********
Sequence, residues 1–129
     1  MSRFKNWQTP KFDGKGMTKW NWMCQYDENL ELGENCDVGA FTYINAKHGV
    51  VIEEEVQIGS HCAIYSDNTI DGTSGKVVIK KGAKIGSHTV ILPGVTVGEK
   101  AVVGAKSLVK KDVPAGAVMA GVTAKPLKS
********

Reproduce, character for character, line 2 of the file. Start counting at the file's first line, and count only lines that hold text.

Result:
     1  MSRFKNWQTP KFDGKGMTKW NWMCQYDENL ELGENCDVGA FTYINAKHGV